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A lot or a little?
The parents' guide to what's in this game.
What parents need to know
Parents need to know that this game is directly tied to the 2008 Beijing Olympic Games, and is, as a result, squeaky clean. Indeed, the only thing likely to offend anyone is the game's surprisingly high level of difficulty. Players with weak fingers and thumbs may find the events that require rapid button tapping or control stick swiveling to be all but impossible. You should also be aware that the game supports online play. Common Sense Media does not recommend online play for children under 12 years of age.
What's it about?
A byproduct of this summer's Olympic Games in China, Sega's BEIJING 2008 is perhaps the deepest and most challenging track and field game ever made. Featuring some three dozen events, ranging from running and swimming races to Judo and rapid-fire pistol shooting competitions, there is no shortage of activities in which to engage. Nor is there a dearth of modes. Players can spend as much time as they like training in each event, set up custom multiplayer competitions featuring events of their choice, or compete in a lengthy Olympic Games, which spans 17 days of qualifiers, medal events, and festivities. Ambitious players can even customize their teams by selecting the athletes they want to take into competition.
Track and field games aren't exactly known for their longevity, but the folks behind Beijing 2008 have done a good job of creating a game that players may actually continue playing after the 2008 Olympics has come and gone. The training and multiplayer competition modes are nice features, but it's the primary Olympic Games mode that will consume the majority of most players' time. It leads you through the Games, day by day, forcing you to qualify for each event, and then rewards you with points that can be spent on team attributes, such as power, speed, and stamina. The higher a team's attributes, the easier it will be to get to the podium when the medal competitions start later on in the game. The attributes system also brings an element of strategy into the play that has never before been present in an Olympics video game. Knowing that you haven't the kind of fast fingers required to win running races, do you forsake investing points in speed and instead favor power so that you can increase your performance in other activities, such as weightlifting and the parallel bars?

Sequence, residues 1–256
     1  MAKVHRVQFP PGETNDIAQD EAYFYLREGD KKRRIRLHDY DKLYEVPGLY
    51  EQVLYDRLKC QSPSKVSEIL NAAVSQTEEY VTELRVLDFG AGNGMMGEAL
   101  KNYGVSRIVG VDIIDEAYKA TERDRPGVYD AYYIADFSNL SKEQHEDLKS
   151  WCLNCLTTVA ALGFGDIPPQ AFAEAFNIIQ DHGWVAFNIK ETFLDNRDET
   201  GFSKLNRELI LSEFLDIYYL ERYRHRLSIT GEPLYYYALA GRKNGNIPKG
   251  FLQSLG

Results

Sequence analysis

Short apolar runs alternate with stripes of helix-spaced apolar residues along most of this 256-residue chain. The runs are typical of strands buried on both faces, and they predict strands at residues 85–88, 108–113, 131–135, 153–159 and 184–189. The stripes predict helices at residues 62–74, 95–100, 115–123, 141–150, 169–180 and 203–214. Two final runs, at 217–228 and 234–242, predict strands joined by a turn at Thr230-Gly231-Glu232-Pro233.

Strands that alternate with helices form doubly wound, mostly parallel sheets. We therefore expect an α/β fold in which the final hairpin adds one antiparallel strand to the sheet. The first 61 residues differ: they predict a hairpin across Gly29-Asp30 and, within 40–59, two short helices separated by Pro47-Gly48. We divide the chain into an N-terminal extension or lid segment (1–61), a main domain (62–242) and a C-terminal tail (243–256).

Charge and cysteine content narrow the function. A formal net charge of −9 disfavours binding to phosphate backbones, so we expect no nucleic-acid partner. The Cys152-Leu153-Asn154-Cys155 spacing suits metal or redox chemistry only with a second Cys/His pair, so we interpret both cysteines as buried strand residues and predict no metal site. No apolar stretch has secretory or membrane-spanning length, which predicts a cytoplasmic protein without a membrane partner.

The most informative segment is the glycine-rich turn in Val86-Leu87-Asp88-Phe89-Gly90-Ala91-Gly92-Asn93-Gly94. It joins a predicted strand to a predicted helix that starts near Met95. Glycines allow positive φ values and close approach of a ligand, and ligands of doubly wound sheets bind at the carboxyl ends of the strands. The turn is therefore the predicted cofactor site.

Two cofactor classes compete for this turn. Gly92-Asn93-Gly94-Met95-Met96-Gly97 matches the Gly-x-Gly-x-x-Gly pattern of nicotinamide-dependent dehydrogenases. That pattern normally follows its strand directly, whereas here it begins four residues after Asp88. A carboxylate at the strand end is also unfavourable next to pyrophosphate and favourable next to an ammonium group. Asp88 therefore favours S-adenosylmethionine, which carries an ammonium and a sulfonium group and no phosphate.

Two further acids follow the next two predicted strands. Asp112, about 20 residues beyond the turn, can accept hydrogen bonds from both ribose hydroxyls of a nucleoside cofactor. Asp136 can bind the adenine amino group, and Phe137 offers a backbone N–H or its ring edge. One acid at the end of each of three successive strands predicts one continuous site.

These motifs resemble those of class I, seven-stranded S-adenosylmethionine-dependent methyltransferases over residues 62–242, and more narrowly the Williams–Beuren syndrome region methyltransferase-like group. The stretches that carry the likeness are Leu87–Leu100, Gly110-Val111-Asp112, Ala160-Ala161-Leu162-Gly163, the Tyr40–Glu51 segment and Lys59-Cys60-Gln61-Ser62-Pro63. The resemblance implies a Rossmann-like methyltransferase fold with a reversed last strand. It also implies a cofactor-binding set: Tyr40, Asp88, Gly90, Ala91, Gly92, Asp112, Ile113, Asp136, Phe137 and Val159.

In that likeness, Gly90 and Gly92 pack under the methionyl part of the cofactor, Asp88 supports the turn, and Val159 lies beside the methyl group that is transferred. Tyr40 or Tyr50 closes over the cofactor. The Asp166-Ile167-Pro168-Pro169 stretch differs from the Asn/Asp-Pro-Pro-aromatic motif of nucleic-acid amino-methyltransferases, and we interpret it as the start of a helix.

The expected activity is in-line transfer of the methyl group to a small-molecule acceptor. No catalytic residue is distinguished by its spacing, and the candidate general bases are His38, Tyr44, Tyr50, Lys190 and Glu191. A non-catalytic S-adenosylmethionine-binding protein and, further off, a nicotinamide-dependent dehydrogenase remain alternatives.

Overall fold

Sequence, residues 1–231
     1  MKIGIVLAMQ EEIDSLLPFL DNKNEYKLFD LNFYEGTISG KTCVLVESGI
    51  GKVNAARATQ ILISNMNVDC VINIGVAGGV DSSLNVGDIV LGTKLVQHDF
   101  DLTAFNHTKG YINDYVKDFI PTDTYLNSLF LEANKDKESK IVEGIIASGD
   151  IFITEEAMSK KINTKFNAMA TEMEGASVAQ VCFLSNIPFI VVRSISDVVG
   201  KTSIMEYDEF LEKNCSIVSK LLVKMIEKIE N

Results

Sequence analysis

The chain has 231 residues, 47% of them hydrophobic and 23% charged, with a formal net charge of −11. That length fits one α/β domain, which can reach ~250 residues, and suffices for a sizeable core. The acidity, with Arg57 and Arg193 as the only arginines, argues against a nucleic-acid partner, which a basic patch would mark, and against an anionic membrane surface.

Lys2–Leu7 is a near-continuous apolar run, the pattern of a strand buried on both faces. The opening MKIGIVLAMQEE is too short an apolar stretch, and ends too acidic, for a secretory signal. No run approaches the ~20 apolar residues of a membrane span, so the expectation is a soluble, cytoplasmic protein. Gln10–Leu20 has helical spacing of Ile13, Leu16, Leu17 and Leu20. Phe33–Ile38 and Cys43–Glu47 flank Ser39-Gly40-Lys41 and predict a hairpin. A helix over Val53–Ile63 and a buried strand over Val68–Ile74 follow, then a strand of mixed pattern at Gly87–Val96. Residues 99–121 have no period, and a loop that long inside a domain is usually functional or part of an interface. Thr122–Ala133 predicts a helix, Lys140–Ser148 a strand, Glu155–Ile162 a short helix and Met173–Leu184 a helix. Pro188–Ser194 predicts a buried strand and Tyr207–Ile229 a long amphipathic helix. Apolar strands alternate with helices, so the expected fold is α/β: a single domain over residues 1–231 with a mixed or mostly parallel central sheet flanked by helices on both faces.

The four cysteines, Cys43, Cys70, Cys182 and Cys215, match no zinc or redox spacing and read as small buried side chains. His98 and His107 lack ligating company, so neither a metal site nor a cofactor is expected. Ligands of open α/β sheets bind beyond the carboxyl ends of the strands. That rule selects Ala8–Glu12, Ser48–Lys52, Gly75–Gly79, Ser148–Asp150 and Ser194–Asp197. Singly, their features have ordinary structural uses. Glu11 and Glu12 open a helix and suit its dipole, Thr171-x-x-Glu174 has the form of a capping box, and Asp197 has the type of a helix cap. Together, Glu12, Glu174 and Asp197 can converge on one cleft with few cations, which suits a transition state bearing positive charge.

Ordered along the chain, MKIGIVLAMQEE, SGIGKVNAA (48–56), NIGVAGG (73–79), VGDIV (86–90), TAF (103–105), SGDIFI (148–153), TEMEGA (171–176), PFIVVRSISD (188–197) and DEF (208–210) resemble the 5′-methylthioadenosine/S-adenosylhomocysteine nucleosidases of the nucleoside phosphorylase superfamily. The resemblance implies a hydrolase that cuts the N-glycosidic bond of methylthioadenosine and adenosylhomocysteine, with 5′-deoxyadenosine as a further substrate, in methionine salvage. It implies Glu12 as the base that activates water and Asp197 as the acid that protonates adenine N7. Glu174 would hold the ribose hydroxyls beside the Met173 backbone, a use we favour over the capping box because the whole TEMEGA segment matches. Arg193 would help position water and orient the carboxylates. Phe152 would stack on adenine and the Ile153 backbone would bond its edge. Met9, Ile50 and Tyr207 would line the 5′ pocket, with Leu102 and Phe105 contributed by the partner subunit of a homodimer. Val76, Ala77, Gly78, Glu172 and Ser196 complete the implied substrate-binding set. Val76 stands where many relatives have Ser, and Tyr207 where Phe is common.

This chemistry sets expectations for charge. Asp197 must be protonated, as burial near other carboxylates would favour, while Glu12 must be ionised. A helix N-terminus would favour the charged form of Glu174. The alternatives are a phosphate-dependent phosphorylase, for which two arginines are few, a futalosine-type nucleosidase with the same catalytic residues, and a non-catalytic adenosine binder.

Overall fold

Is it any good?
Your decision will likely depend on how comfortable you happen to be with the game's interface. Sega has done a great job of mixing up the controls for each event -- spin the control sticks to swim, mash the right stick back and forth to jog, pump a pair of action buttons to sprint -- so that players can play multiple events back-to-back without experiencing hand fatigue. Still, Beijing 2008 is a difficult game no matter how you cut it. Don't be surprised if you run into events for which you simply lack the finger dexterity or stamina required to excel (like the devilish 100 meter dash). Plus, you should expect it to take several days to complete the Olympic Games; even with the excellent control design, your digits will almost certainly grow tired after an hour or so of play. However, if you enjoy track and field games, Beijing 2008 will be worth the hand cramps. Just think of your aching finger tendons as being akin to the sore muscles Olympic athletes experience while training for their events.
Talk to your kids about ...
Families can talk about the Olympics. Do the Games make you feel more patriotic? Do you think they are successful in getting countries to set aside their differences and come together in the spirit of friendly competition? Does the video game version do a good job of recreating look and feel of the Games? Does it in include your favorite events?
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Common Sense Media's unbiased ratings are created by expert reviewers and aren't influenced by the product's creators or by any of our funders, affiliates, or partners.